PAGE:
Food companies have been making products to simulate meat for more than a generation. But today's items are vastly different than the ones that were made decades ago.
"We were creating a totally different product, like a different flavor profile. It was just for vegetarians," said Dina Fernandez, director of protein nutrition solutions for Archer Daniels Midland. "The industry didn't really care about the meat eaters. Today, we are more focused on the meat eaters and understanding what are those elements in the flavor of meat that the general flexitarian is looking for."
It's a tall order to try to bring the taste, aroma, texture and functions that make meat what it is to meat-free products. But it's a necessity in order for the segment to survive. In a survey last year done by The NPD Group and cited by NBC, 89% of consumers of plant-based meat were meat eaters.
As the market becomes crowded with plant-based and fermented meat substitute products, ingredients manufacturers have a lot to work through. To both meet consumer expectations and manufacturers' needs, companies spend years developing ingredients and flavors that will make these products work. At ADM, solutions come through a lot of collaboration and expertise.
"If the flavor doesn't work, it doesn't matter if the texture is good," Fernandez said. "And if the texture is not good, it doesn't matter if the flavor works, right? It is very difficult to exclude one from the other one."
Ken Kraut, ADM's global chief flavorist for savory, said there are many moving parts that need to be coordinated.
"It all has to kind of move together like a symphony orchestra," Kraut said. "You can't have a few different sections playing different songs. It's got to be everybody on the same page and working together. It's the same with these systems. Flavors are very, very important to get a first touch point, I think. But obviously, texture, body and functionality have to all be there too, in order for that flavor to shine."
Starting with the basics
In order to make a meat substitute product, Kraut said it is vital to understand just what it is supposed to look and taste like.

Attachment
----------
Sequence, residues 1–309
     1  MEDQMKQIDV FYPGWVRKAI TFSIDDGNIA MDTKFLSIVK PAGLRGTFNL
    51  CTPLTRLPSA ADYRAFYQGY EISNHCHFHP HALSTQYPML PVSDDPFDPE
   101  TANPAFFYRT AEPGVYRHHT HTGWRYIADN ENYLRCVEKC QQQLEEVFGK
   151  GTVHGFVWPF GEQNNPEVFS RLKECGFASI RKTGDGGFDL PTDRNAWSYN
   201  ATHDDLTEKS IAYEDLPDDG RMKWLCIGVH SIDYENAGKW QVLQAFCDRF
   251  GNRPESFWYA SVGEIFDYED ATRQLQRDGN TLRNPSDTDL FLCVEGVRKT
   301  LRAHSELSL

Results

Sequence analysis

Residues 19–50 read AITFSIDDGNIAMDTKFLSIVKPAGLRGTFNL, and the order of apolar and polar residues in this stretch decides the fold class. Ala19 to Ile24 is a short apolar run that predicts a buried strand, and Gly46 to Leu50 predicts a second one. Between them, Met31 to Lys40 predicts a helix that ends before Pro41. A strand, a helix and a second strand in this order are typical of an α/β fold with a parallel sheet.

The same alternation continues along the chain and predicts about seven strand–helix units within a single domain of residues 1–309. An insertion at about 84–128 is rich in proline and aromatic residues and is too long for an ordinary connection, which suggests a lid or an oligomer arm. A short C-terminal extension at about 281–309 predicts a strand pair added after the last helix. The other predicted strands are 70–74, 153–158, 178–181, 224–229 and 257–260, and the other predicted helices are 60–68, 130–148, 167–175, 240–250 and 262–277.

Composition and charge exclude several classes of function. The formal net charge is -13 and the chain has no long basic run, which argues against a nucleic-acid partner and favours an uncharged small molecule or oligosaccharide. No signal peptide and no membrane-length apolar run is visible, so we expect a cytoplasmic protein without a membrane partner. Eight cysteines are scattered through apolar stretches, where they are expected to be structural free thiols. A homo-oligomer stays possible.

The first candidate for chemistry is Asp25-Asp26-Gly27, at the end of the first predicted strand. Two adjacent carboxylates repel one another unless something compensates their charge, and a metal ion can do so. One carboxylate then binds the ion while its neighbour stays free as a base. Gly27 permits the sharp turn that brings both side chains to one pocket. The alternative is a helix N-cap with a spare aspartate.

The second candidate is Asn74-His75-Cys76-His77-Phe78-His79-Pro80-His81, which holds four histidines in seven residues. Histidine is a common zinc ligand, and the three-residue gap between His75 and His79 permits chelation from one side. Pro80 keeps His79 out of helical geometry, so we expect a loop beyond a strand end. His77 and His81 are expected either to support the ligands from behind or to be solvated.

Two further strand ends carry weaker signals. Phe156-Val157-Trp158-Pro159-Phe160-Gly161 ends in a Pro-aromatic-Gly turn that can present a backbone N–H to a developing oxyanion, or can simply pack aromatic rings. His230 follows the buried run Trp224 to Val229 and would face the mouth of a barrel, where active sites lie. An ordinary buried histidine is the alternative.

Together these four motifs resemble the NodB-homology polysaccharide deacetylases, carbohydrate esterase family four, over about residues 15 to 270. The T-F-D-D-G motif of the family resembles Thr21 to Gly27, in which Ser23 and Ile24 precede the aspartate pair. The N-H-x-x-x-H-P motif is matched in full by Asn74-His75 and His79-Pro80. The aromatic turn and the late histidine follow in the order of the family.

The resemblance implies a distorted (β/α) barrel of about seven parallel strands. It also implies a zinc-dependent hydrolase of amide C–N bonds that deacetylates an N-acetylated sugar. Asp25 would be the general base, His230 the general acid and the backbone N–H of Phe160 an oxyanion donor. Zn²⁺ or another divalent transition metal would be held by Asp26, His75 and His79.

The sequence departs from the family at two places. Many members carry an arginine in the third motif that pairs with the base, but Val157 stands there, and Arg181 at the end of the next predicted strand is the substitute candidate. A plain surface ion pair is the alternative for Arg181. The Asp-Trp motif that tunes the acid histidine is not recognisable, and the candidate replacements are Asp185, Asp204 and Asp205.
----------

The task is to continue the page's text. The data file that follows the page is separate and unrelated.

"The process really starts out in the kitchen," Kraut said. "And then we develop flavor and texture together as we go through the process."
Kraut sets to work creating a "gold standard" — the flavor that consumers would recognize as the very best example.
"If the flavor doesn't work, it doesn't matter if the texture is good. And if the texture is not good, it doesn't matter if the flavor works, right? It is very difficult to exclude one from the other one."
Director of protein nutrition solutions, ADM
It isn't as simple as it sounds. For a hamburger, for instance, there's both fatty and meaty notes. There's a mouthfeel from the grind and fat content of the meat. There are bloody notes naturally found in beef. There's flavor added by the grill or cooking pan. There may be some notes of seasonings added when the burger is assembled.
Next, the actual ingredients need to be considered. Alternative protein ingredients today are as diverse as the multitudes of products found on grocery store shelves and restaurant menus. Some are based on soy. Others on peas. Then beans, chickpeas, quinoa and wheat make appearances. And some use fungi, ranging from mushrooms to proteins created through fermentation.
ADM experts said the first step to a successful formulation is understanding the base protein the product uses. Each has its own taste profile, as well as its own texture and moisture properties.
"The protein, obviously, doesn't have the fat content of animal," Kraut said. "It doesn't have the amino acid breakdown, if you will, of what you would find in an animal. So we have to make sure that we add back those taste components. What we really do is we look how to build upon our base [flavor], first and foremost. If we have a good base, we can enhance what's there to make it better."
There are some proteins that naturally bring a desirable taste to meat substitutes. But there are others that need more flavoring expertise to make them palatable. Some of these common proteins have umami tastes and feelings, which is also an important sensation that comes when eating meat. Ingredients can be added to enhance this taste. But some have bitter or off tastes, and ingredients to block that help make the end product more palatable.
Like building a house
There's a complex array of what can be used to make the best meat alternative, both in terms of flavor and ingredients. And there is no one best way to do it.